When the show doesn’t go on

Back in November, I bought my sister and I tickets for a show we’d been dreaming about since the moment it was announced, Harry Potter and the Cursed Child on Broadway. I bought them for March 11, a random date in her spring break. 

It turned out to be the last day life was normal. 

We almost didn’t go-we left on a Tuesday, and the Sunday and Monday before I fretted. Not because I was scared-NYC had only had one known case at that point, and it seemed contained-but because of other people’s reactions. They were loosely saying to avoid unnecessary travel, and I did not want to seem irresponsible. I was also afraid my friends would be afraid to hang out with me when I got back.

But this play was a big deal to both my sister and I was encouraged by others to go, assured by friends that they would hang out with me, I just should be more careful. So we did, armed with gloves and wipes and hand sanitizer. Those were the last days of normalcy-we went to the Met, we met a friend of mine for dinner, we hit up the High Line and didn’t think twice if someone came within six feet of us. The theater was a bit different-they stopped refills on drinks (to me, this was not a big deal) and the actors were not allowed to take pictures or sign playbills (this was a BIG deal). 

I hung around the theater after to talk to some people involved-an usher and a couple of the actors. Maybe they were hiding it, or just weren’t allowed to share with a random girl, but no one seemed concerned about the possibility of shows closing. 

Twelve hours after we left, they announced that Broadway would go dark for at least a month. 

As with everything these days, this is unprecedented. 

I sat down Thursday evening and started writing a post about how lucky we were that we got the last show, how sad I was for the actors and ushers and bartenders at the theater, but how even when the literal show does not go on the show of life must. 

It’s now the next Thursday, and that is not what I am writing.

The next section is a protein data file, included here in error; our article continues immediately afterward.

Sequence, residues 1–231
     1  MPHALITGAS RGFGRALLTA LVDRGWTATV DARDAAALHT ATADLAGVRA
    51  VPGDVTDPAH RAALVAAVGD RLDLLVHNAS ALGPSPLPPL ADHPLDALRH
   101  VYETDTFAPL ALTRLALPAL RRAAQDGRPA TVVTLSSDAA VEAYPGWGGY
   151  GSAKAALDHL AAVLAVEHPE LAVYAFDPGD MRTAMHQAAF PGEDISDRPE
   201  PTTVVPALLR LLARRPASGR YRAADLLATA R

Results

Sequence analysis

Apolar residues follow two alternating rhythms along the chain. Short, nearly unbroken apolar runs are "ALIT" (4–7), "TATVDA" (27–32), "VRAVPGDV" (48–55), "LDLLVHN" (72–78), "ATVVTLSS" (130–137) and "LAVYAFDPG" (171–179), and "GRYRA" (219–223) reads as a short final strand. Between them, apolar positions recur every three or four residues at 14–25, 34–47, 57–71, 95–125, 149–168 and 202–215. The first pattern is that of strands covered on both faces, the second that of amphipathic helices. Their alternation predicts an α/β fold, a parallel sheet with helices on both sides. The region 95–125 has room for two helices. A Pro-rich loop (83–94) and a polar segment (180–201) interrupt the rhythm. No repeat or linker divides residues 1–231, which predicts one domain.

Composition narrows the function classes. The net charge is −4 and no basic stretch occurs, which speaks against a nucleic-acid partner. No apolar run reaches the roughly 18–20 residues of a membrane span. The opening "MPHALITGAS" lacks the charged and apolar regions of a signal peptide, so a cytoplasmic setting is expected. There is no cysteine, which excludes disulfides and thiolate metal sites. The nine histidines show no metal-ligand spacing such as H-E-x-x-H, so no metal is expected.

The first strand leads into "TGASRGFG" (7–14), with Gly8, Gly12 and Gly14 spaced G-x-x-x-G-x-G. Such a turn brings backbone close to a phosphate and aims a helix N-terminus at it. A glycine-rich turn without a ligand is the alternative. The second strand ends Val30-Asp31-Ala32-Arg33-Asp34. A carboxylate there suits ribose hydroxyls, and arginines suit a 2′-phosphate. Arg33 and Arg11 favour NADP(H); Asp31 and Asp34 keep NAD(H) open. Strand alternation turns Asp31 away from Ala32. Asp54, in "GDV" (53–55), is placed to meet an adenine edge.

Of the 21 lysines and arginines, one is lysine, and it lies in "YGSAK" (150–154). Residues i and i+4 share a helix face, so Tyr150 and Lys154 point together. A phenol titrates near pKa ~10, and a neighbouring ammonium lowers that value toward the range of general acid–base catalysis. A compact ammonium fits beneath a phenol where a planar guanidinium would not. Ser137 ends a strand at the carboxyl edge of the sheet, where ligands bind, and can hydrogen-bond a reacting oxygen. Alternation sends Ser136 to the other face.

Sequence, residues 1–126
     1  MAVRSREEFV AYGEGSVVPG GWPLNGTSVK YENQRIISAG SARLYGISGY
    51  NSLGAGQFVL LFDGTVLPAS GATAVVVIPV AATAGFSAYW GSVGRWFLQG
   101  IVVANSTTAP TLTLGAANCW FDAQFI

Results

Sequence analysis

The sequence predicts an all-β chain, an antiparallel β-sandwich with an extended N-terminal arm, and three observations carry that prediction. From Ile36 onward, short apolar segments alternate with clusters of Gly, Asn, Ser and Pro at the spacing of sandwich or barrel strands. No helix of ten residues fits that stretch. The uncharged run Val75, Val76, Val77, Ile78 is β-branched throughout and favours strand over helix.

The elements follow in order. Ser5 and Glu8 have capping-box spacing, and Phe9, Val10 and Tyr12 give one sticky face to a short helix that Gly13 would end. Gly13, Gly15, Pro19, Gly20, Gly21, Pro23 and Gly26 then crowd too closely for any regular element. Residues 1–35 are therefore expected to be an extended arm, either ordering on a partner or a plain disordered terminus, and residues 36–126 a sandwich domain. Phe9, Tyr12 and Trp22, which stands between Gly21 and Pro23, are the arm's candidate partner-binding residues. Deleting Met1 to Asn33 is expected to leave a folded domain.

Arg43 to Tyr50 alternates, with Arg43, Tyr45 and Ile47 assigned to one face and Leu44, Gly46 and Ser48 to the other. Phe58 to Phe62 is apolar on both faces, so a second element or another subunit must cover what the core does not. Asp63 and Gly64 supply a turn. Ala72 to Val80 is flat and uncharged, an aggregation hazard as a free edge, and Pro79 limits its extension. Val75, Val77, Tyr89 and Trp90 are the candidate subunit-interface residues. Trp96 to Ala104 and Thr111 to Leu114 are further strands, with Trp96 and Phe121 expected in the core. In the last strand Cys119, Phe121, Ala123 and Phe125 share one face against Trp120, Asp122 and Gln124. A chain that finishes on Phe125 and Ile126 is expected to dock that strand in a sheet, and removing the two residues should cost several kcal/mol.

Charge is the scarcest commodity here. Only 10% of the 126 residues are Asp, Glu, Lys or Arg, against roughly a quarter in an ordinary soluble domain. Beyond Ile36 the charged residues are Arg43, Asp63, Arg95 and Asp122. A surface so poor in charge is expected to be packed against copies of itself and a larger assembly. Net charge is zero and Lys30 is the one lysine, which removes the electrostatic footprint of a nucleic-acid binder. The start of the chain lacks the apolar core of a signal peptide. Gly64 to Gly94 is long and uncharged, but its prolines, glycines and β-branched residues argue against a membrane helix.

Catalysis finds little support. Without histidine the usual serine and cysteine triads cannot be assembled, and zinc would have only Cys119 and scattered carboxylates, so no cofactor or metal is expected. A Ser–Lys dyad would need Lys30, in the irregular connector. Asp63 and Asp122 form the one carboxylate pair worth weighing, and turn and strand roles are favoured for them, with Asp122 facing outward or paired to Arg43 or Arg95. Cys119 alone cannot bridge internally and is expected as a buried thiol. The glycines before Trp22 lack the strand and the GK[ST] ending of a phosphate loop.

Maybe it was denial, maybe it was arrogance-but I did not, until it actually happened, think that this was going to affect my life on the scale that it has. it also seems like the sum of my experience. I am a healthy white American. And as healthy white American, I read a lot of news that never affects my day-to-day life. As with most other things-fires in Australia, hurricanes in Puerto Rico-I thought I’d be praying for it from the comfort of my church. I thought I’d be discussing it with my coworkers over our breaks and be saying how awful it is for the people in places that weren’t where we were. I thought the biggest part of it would be that I ALMOST did not get to see Harry Potter. 

Spoiler alert-I was wrong. Everything that I do-my job, dance classes, all church activities-got systematically shut down Monday. My sister just had to go pack up her dorm room, and my brother cancelled a trip to Scotland where he was going to be a groomsmen in a friend’s wedding (I wanted to rage at the sky at these particular injustices). Where I live, schools, restaurants, and most stores are closed. I asked around to see if anyone needed childcare while schools were out, and no one took me up on it, because they were all already home and practicing social distancing. The show really has stopped, and we’re all six feet from each other in the wings. 

I don’t know when I’m going back to work.       

Does anyone? Can anyone? 

I do not want to be sad because I am well and I have food. On Maslow’s hierarchy of needs, my first two levels are met. But I am grieving for the third level, love and belonging. Not just for me, but for society as a whole. I mean, my friendships are intact and will survive this. But there are many things that won’t-this season’s sports teams, prom dates, independent coffee shops or bookstores, places that rely on people gathering. I know it’s a good thing the show has stopped-we are doing it to protect each other. But I get so much joy out of people-people at my house, people in public, people at other people’s houses. I love socializing!

Instead of socializing, I’m at home, praying and reading and watching Instagram stories of other people at home. I’m sweeping our porch and stretching and getting sucked into an endless vacuum of news. I’m staring at a picture of my dog’s fluffy toes and venturing out to the beach or park. I’m consulting with others on what is safe to do. I am remembering last week when we dared to meet each other in groups and trying to wrap my head around the idea of an isolated, halted society. I have listened to “Sun’s Gonna Shine” by Steve Martin and Edie Brickell about twelve times. 

Please send me more songs to listen to. 

fluffy toes